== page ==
Investigating mechanisms underlying neurodevelopmental phenotypes of autistic and intellectual disability disorders: a perspective.

Kroon T, Sierksma MC, Meredith RM - Front Syst Neurosci (2013)

Several NDD-associated genes function at the synapse. Monogenic NDD genes (red) expressed in the synapse, illustrated here postsynaptically, mediate spine morphology changes via small GTPase-mediated signaling pathways and F-actin in response to synaptic activation via BDNF and glutamatergic excitation. Abbreviations: 4EBP1, eukaryotic translation initiation factor 4E-binding protein 1; AMPA, 2-amino-3-(3-hydroxy-5-methyl-isoxazol-4-yl) propanoic acid receptor; Cdc42, cell division cycle 42; CYFIP, cytoplasmic binding partner of fragile X protein; eIF4E, eukaryotic translation initiation factor 4E; FMRP, fragile X mental retardation protein; LimK1, LIM domain kinase 1; mGluR5 metabotropic glutamate receptor subunit 5; mTOR1, mammalian target of rapamycin 1; NMDA, N-Methyl-D-aspartic acid or N-Methyl-D-aspartate Receptor; OPHN1, oligophrenin-1; PAK, P21-activated kinase; Rac1, ras-related C3 botulinum toxin substrate; Rheb, Ras homolog enriched in brain; RhoA, ras homolog gene family, member A; TrkB, TrkB tyrosine kinase; Tsc 1, tuberous sclerosis protein 1; Tsc 2, tuberous sclerosis protein 2.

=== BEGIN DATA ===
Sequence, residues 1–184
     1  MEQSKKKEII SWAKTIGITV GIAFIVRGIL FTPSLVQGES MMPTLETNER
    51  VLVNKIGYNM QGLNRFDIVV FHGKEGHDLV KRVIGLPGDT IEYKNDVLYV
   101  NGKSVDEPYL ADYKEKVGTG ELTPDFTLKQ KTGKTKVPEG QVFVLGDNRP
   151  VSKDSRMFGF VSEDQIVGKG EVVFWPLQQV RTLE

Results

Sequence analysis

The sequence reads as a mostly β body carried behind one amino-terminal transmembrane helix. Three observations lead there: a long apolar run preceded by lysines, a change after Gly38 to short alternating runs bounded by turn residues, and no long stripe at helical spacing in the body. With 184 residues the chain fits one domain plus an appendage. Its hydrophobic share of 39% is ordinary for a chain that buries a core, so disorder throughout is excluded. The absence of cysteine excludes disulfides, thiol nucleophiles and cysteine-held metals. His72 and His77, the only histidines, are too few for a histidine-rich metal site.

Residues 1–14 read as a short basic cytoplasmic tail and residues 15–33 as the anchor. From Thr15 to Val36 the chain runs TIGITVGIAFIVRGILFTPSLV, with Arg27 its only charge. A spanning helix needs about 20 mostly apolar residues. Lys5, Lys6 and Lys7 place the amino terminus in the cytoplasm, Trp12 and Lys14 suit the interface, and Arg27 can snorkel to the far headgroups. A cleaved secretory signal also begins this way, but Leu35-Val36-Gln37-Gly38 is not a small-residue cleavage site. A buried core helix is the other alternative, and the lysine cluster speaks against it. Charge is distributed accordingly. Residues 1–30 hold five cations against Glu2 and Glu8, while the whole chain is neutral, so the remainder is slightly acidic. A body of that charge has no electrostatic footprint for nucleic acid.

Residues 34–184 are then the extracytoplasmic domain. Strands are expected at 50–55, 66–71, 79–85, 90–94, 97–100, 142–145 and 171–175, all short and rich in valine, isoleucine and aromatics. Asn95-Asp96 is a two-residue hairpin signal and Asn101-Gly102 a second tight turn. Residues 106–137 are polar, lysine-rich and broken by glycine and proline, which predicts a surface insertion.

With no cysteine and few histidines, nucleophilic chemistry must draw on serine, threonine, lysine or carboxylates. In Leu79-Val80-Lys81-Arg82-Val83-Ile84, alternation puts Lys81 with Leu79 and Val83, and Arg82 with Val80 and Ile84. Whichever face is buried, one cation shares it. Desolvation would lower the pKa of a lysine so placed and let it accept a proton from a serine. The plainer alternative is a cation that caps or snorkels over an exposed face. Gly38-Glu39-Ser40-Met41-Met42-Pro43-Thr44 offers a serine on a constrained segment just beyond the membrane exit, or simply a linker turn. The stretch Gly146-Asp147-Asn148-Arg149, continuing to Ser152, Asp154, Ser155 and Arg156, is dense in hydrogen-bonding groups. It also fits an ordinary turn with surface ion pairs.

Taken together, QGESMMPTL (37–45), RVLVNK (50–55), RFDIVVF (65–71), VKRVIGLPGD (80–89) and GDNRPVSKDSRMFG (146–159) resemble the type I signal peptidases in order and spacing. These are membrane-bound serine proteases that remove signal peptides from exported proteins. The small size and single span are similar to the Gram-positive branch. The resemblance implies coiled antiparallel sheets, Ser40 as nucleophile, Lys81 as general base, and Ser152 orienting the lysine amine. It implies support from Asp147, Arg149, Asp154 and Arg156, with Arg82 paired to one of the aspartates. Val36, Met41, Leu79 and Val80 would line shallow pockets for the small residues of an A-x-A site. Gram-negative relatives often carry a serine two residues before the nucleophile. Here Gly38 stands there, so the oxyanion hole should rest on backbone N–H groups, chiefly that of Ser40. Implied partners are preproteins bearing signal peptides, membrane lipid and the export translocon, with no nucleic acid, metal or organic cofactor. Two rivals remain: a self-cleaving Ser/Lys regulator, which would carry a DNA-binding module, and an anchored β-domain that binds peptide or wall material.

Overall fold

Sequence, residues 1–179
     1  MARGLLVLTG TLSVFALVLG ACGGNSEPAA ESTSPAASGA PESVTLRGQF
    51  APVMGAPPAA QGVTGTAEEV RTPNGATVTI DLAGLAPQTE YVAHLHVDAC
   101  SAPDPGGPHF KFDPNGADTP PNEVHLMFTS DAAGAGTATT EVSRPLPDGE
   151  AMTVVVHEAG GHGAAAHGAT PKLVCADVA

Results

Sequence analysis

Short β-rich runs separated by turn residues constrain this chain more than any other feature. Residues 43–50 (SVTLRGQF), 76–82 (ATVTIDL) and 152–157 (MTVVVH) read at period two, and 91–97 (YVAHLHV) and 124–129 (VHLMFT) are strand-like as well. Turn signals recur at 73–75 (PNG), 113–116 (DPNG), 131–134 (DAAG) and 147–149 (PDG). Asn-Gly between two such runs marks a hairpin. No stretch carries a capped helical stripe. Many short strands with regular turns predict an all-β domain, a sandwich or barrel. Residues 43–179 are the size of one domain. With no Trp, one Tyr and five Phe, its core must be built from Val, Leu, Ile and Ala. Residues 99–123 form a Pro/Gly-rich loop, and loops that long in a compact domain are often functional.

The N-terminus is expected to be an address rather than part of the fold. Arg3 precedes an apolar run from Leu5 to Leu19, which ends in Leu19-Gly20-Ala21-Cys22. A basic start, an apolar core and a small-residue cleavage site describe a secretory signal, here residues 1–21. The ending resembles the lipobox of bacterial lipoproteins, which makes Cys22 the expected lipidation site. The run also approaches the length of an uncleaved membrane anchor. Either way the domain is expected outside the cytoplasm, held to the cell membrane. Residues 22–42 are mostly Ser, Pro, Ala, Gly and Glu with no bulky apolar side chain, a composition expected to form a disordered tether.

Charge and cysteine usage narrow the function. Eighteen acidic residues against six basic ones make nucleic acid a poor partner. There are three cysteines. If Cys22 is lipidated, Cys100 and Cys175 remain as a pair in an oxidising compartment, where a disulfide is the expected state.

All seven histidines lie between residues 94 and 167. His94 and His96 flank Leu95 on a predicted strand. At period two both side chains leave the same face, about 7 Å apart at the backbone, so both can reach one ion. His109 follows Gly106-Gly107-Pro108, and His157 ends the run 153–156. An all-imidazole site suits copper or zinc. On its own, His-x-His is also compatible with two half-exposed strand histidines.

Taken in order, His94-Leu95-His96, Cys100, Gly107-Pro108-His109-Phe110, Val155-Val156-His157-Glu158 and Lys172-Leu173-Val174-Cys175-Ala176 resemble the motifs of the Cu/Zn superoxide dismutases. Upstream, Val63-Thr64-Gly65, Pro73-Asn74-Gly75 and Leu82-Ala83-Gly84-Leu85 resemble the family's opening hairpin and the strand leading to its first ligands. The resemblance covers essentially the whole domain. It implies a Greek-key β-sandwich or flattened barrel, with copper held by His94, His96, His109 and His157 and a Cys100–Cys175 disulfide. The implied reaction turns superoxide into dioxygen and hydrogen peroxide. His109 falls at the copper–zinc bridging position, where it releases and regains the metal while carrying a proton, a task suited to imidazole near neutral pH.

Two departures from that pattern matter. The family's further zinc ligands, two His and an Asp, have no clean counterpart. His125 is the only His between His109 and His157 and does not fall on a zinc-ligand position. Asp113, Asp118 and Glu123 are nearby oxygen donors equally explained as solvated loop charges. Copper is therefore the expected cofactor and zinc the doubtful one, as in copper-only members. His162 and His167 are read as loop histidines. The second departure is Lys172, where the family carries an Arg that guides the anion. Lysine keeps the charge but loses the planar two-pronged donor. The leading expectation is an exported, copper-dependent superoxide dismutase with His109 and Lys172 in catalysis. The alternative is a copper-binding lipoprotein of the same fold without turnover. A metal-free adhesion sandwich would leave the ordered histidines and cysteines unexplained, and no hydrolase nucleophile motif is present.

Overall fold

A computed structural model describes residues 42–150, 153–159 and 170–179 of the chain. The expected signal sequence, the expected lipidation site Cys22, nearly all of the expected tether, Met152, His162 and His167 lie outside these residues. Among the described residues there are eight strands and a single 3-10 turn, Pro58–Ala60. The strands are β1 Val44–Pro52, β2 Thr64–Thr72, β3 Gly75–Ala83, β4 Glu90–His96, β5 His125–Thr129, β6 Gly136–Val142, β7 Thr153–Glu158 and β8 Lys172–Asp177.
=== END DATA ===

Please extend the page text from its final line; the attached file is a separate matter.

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Related In: Results  -  Collection

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Figure 1: Several NDD-associated genes function at the synapse. Monogenic NDD genes (red) expressed in the synapse, illustrated here postsynaptically, mediate spine morphology changes via small GTPase-mediated signaling pathways and F-actin in response to synaptic activation via BDNF and glutamatergic excitation. Abbreviations: 4EBP1, eukaryotic translation initiation factor 4E-binding protein 1; AMPA, 2-amino-3-(3-hydroxy-5-methyl-isoxazol-4-yl) propanoic acid receptor; Cdc42, cell division cycle 42; CYFIP, cytoplasmic binding partner of fragile X protein; eIF4E, eukaryotic translation initiation factor 4E; FMRP, fragile X mental retardation protein; LimK1, LIM domain kinase 1; mGluR5 metabotropic glutamate receptor subunit 5; mTOR1, mammalian target of rapamycin 1; NMDA, N-Methyl-D-aspartic acid or N-Methyl-D-aspartate Receptor; OPHN1, oligophrenin-1; PAK, P21-activated kinase; Rac1, ras-related C3 botulinum toxin substrate; Rheb, Ras homolog enriched in brain; RhoA, ras homolog gene family, member A; TrkB, TrkB tyrosine kinase; Tsc 1, tuberous sclerosis protein 1; Tsc 2, tuberous sclerosis protein 2.